Oracle has added new artificial intelligence capabilities and an enhanced user experience to its Human Capital Management Cloud, which is now available to clients.
The new enhancements include a redesigned layout, better searching capabilities, continuous performance management reporting tool, consistent cross-device appearance, goal-setting module, machine learning, smart onboarding and AI-enabled chatbots for recruiting.
The chatbots are particularly helpful for companies looking to craft a personalized candidate experience. Oracle’s AI uses behavioral targeting to better connect with a job seeker, says Chris Leone, Oracle’s senior vice president of HCM development.
“Now what customers are able to do is if they want to turn this feature on, we have insight through our data cloud of the user coming to our candidate experience for the first time,” he says. “[A company] might not know you personally, but they know some of the activities [the job seeker has] done through the IP address. [An employer] can prescribe to you some things about it that might be of interest to you as part of the initial candidate experience.”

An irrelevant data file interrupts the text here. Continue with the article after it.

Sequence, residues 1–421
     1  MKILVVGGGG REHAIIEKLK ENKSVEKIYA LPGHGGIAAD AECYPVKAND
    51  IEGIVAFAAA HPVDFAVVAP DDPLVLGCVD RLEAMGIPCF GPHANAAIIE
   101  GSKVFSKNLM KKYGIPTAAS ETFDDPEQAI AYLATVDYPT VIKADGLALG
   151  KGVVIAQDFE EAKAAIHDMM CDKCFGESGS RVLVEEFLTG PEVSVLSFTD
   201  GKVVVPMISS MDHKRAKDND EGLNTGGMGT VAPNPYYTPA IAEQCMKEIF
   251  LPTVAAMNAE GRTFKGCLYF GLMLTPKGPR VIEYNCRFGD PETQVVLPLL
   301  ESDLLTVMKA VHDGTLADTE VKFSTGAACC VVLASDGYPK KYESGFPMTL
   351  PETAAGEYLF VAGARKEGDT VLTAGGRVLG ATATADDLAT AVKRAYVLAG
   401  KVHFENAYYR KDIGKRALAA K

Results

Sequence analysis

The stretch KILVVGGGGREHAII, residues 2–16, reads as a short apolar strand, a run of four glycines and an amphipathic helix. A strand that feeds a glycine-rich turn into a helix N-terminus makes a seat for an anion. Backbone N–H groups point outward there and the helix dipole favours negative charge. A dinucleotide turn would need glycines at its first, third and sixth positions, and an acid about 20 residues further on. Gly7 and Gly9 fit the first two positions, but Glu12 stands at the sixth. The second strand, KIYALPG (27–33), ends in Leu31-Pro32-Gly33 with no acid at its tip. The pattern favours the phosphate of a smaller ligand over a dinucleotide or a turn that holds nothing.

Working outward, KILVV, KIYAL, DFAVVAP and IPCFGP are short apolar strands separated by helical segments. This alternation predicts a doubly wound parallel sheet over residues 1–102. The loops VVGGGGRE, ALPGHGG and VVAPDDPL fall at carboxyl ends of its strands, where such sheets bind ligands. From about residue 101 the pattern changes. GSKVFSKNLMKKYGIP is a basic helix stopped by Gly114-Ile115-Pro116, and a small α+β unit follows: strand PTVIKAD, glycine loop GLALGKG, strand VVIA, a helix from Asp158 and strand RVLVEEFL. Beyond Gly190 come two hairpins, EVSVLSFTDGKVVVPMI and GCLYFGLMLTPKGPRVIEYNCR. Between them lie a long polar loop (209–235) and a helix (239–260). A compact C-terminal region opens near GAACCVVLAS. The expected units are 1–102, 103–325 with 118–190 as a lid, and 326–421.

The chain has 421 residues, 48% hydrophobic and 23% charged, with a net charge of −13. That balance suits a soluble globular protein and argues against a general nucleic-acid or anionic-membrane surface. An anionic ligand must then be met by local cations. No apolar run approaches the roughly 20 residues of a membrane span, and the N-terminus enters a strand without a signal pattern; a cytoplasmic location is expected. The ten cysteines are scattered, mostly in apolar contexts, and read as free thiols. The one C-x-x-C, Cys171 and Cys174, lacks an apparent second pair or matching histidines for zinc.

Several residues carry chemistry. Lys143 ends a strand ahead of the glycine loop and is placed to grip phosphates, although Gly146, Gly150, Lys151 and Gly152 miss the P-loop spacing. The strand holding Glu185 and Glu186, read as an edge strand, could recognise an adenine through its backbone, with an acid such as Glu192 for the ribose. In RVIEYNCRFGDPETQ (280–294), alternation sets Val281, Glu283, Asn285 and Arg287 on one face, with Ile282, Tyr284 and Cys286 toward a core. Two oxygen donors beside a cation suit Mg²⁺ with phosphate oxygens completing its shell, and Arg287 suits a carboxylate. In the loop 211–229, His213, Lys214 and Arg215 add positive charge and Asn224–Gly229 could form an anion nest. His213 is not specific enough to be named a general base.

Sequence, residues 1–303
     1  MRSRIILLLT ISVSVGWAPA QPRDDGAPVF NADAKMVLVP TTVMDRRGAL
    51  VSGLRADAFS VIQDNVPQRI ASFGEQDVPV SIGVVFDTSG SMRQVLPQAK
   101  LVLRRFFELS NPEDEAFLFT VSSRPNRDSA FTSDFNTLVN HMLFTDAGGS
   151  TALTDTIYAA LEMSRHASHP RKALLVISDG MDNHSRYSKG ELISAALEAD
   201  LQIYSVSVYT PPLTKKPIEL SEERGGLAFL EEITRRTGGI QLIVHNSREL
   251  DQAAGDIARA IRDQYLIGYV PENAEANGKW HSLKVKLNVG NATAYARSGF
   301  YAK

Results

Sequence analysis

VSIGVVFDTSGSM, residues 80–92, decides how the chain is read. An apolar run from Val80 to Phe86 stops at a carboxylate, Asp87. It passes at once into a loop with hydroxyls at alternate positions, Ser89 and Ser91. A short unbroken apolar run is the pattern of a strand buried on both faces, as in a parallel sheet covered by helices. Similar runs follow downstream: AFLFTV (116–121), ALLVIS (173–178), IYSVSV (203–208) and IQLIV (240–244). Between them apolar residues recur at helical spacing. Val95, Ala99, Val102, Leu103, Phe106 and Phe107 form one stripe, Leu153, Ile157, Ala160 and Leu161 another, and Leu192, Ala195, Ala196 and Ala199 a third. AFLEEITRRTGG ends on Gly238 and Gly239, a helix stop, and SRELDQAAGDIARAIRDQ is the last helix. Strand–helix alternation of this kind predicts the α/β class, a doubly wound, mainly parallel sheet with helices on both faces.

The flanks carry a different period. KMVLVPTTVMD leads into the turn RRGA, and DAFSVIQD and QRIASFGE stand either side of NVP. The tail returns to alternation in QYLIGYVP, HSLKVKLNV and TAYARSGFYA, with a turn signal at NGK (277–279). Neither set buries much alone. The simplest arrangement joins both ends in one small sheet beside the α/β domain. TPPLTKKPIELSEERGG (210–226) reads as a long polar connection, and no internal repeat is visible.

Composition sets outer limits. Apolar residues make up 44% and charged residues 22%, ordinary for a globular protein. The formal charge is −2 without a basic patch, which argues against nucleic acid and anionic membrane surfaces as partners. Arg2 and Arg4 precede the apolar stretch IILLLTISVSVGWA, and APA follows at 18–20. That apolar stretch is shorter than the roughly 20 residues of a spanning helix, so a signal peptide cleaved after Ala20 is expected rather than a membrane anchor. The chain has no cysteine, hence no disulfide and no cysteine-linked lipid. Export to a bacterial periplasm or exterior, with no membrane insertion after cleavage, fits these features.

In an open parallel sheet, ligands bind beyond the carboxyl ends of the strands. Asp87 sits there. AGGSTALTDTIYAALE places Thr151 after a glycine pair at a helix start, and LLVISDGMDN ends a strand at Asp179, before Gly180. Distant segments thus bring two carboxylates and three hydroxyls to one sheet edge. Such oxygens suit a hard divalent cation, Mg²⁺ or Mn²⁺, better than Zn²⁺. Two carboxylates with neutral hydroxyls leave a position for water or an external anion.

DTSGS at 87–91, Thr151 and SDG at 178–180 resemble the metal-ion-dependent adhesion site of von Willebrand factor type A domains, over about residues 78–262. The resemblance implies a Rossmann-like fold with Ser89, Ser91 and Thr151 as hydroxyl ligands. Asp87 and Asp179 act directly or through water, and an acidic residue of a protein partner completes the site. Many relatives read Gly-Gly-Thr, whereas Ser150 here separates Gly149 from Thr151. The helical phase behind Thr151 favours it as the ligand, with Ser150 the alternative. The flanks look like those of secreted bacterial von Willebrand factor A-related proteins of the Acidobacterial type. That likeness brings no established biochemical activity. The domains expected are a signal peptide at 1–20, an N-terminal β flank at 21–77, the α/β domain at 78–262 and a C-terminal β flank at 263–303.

For example, if Oracle’s AI identifies a job seeker as someone who is passionate about community service, the chatbot will inform the job seeker about a company benefit like employee volunteer time off.
“We might be able to let you know about the company that might make you feel more comfortable applying for the job,” he says.
Likewise, the chatbot connects with Facebook Messenger’s open API to direct job seekers from a company’s Facebook page to the corporate job portal, where candidates can apply for the job.
The update also incorporates HR Help Desk, another subscription-based Oracle module, and advanced HCM controls such as a pre-built library of best practice controls, security dashboards and workbench capabilities help organizations stop unauthorized access to sensitive HCM functions and data.
Companies using Oracle HCM Cloud need to turn on the modules, which Leone describes as a SaaS best practice.
“We do that because customers have a change management issue for some of them, updating the user experience, they might want to roll that out over time or just decide when they want to roll it out,” he says. “We give them flexibility from an opt-in perspective.”
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